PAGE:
Coming Apart? Maybe Not

Day by day the Trump administration is coming apart. Revelations abound about the dysfunctions of the Trump team, about Trump’s ignorance and incompetence, and now about a “resistance” group in the White House that is actively countering Trump’s “amorality” and “erratic” leadership style. Donald Trump surely can’t last much longer. Or can he?

We might all be guilty of wishful thinking here. Yes, between Bob Woodward’s Fear and Mr. (or Ms.) Anonymous’ assault on Trump’s character, you would think any normal leader would decide that enough is enough. But Donald Trump isn’t a normal leader with normal emotions. As Woodward reports, he believes in never taking a backward step, never apologizing, never showing weakness. He’s like Hitler in his bunker—except that Trump won’t commit suicide.

More importantly, Trump hasn’t been mortally wounded by any of the books about him. Nor has the anonymous op-ed really exposed new and terrible things about Trump’s character that we didn’t already know. In fact, the op-ed supports Trump in two ways. First, the writer claims that some officials are “working diligently from within to frustrate parts of his agenda.” S/he acknowledges that Trump has delivered on key campaign promises beloved to both his base and Republicans in Congress: “effective deregulation, historic tax reform, a more robust military and more.” What the writer, possibly a senior intelligence official, most resents is Trump’s performance in foreign affairs, such as his embrace of dictators, his trade policy, and treatment of allies—in short, his unfitness to be a commander in chief. Major defects, to be sure, but evidently not serious enough for the writer to resign in protest.

Second, Trump, with help from Steve Bannon, has consistently maintained that a “deep state” has been undermining his presidency since day one. Now along comes a “senior official” whom Trump can say proves the existence of the deep state, giving life to Woodward’s stories about other officials who have all along engaged in acts of bureaucratic sabotage. Trump’s cry of “treason” may seem credible to many.

When the smoke clears for the umpteenth time in this absurd presidency, we may find ourselves still at square one, hoping for electoral victories in November and the start of impeachment proceedings in January. We’re no closer than we were a few days ago to mass White House defections, Congressional Republicans turning on Trump, or people in “the base” suddenly realizing what a jerk they elected. Meanwhile, Brett Kavanaugh is a day closer to a lifetime appointment to the Supreme Court, many children remain separated by ICE from their families, shootings continue unabated, and bad news mounts on climate change. So let’s get back to work.

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  1. I just took a look at the recent facebook posts of people who have supported Trump. There are mostly folks I knew in high school. They are still posting but nothing recent directly about Trump. One woman who is an officer in the local Republican party posted about End Times which, though she is religious, I have never seen before. Others posted about the supreme court, boycotting Nike, and that Social Security should not be taxed. Normally at least one of these people would have something specifically about Trump. This is a small sample, but could this show a little shift in the base?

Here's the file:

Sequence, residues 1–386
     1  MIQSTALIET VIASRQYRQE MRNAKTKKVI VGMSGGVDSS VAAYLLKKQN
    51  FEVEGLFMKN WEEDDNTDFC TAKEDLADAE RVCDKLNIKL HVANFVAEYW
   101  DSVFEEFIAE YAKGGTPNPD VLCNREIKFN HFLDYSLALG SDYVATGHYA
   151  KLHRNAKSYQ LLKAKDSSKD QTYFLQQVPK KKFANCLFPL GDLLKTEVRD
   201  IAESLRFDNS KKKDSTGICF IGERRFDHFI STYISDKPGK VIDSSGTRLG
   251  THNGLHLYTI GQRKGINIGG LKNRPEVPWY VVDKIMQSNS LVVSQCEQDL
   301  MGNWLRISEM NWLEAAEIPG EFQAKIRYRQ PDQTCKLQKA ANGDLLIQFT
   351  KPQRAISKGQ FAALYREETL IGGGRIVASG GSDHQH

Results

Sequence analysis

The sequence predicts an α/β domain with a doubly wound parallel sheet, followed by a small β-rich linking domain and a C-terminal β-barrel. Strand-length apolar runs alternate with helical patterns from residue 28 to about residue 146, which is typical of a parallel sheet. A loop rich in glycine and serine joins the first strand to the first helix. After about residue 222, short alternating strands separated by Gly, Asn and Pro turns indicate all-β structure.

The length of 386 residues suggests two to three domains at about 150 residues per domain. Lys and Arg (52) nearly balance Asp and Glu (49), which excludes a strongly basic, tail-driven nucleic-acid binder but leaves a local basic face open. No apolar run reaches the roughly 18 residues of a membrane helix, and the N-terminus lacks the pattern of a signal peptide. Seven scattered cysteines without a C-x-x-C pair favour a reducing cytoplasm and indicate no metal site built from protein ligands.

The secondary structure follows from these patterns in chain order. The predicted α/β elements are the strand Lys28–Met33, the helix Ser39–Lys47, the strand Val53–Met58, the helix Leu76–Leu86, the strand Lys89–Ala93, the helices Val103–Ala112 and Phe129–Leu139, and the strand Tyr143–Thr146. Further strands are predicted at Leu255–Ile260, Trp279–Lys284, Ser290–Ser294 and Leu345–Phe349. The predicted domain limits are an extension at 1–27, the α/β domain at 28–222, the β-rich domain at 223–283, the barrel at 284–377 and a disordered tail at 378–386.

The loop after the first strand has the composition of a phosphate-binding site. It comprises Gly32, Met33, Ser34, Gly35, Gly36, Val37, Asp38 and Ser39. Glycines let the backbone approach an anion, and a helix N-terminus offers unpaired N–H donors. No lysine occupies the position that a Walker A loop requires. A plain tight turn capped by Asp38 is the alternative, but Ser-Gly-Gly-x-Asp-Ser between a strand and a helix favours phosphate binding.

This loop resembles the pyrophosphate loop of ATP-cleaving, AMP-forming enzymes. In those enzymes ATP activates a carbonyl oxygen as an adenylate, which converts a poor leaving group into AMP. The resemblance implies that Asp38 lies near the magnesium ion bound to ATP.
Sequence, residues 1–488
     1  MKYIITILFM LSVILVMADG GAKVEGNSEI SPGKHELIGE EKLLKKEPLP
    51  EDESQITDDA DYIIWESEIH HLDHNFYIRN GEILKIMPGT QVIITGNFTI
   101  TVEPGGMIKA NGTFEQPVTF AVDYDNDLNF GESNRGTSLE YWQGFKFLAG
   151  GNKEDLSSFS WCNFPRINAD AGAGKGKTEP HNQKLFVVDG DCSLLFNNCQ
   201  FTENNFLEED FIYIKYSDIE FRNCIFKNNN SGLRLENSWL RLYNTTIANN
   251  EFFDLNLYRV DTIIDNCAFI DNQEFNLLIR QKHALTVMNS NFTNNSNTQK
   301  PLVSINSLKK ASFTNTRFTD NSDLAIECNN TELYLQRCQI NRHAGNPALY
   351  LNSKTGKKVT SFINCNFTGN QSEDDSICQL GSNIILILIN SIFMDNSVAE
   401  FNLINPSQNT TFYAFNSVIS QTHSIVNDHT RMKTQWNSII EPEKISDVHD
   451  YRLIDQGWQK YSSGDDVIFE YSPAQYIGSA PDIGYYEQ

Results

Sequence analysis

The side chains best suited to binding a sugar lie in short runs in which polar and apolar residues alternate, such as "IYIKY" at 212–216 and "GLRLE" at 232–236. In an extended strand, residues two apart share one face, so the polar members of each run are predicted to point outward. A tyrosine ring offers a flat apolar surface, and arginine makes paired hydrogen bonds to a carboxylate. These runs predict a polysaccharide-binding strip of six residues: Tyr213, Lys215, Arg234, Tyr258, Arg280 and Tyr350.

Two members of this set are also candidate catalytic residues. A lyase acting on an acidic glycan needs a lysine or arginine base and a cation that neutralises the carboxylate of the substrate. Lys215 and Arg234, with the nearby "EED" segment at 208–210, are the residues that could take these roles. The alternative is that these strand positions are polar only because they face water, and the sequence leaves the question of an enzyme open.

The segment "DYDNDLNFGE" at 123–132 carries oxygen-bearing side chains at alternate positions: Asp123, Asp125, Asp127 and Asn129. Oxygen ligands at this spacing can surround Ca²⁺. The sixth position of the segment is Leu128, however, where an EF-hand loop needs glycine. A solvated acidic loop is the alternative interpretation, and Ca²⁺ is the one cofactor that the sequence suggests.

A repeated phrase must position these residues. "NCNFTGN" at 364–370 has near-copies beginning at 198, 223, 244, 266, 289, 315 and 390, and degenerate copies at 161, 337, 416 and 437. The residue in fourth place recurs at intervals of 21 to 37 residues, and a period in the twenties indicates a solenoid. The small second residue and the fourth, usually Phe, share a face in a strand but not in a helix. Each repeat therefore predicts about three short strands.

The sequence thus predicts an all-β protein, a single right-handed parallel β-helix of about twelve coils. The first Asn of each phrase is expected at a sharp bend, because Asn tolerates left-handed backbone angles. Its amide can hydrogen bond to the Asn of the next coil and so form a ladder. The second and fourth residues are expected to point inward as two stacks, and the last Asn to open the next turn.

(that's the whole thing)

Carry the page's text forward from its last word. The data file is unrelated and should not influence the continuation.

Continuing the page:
2. I strongly agree with this piece. We are not at the beginning of the end. If Trump had a high degree of competence, he would likely ride this out. However, competence is not his strong suit. You see this in his reaction to the combined impact of the Woodward book and the NYT Op Ed piece. His response was to attack Woodward, the Times and the writer of the Op Ed. It might have been much stronger if he had said, “I told you I was going to shake this place up and I’m doing it. It’s true that I have staff that don’t like everything I’m doing, but I didn’t come here to make my staff happy. I came here to do the things I promised I would do. The more you hear people complain, the more you will know I’m getting things done.” I suspect that you will see this incompetence unfold as the Mueller investigation proceeds. At least I hope so. Trump does not inspire loyalty. If Mueller continues to flip people, he may amass enough substance to warrant an impeachment action in the House. If the Democrats win the House, things could really heat up. If they don’t, much of this roiling is likely to fade away. Either way, it’s hard to see a two thirds vote in the Senate. I would still take a bet that Trump finishes out his term. It would be a bet I’d be happy to lose. Bob W.


  3. My deepest concern about the Op Ed piece is that it is a powerful distraction. It potentially siphons serious attention away from stronger, better developed strategies such as Mueller, Other Investigations (NY, DC, and Maryland AGs), and Impeachment. It will certainly divert the media and will inevitably entice them into the Wonderland of “who spilled the beans”? Even more bizarre, it may create a new infant industry of “experts on the 25th Amendment” or, “just how crazy is the Donald and can it be proved to people who don’t read this Blog”. On the other hand, I guess the accumulation of stories like these may also serve some positive function. Maybe Sarah Suckerbee will finally give up on the creep and leave the Press Room.

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